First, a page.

The resources can be formally defined in relation to one another. Or not.
HTTP has proved to be the most popular URI. It is a protocol for getting stuff, hence the name (Hypertext Transfer Protocol). It makes no assumptions about what you want to get, be it a HTML Web page, PDF, Word document, etc. The most used format it serves on the Web, HTML has "no special place architecturally" within the Web architecture. It is just another format. The format of the data is notated by its MIME type.
The intro also states an interesting, though, thus far in my mind, unconnected factoid: That HTTP runs up against some compatibility problems with distributed object-oriented systems developed by the software development community (As opposed to the Web developers), namely CORBA, DCOM and RMI. Remote Procedure Calls could be a bridge: RDF can work with RPC, namely by considering RPC a structured document.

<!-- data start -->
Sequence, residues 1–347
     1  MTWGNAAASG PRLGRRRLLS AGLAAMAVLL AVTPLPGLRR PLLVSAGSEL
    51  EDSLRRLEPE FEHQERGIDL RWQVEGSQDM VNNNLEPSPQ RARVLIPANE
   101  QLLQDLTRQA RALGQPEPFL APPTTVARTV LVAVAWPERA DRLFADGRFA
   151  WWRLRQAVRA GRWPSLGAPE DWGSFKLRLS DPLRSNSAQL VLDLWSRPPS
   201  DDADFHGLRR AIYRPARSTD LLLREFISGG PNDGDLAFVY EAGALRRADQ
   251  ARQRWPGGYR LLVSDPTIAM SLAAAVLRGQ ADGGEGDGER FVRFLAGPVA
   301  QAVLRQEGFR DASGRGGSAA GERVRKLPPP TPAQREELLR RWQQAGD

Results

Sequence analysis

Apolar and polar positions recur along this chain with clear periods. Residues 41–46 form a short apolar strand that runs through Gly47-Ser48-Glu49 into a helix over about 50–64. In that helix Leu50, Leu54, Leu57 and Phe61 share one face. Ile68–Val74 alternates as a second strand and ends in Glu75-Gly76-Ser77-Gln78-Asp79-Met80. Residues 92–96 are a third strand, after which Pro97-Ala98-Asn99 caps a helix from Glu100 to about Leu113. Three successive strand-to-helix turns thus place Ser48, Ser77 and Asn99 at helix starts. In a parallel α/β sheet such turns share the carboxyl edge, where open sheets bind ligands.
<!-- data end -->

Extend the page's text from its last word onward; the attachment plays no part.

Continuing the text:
Taken from a W3C document on design issues for the Web, notably this overview section.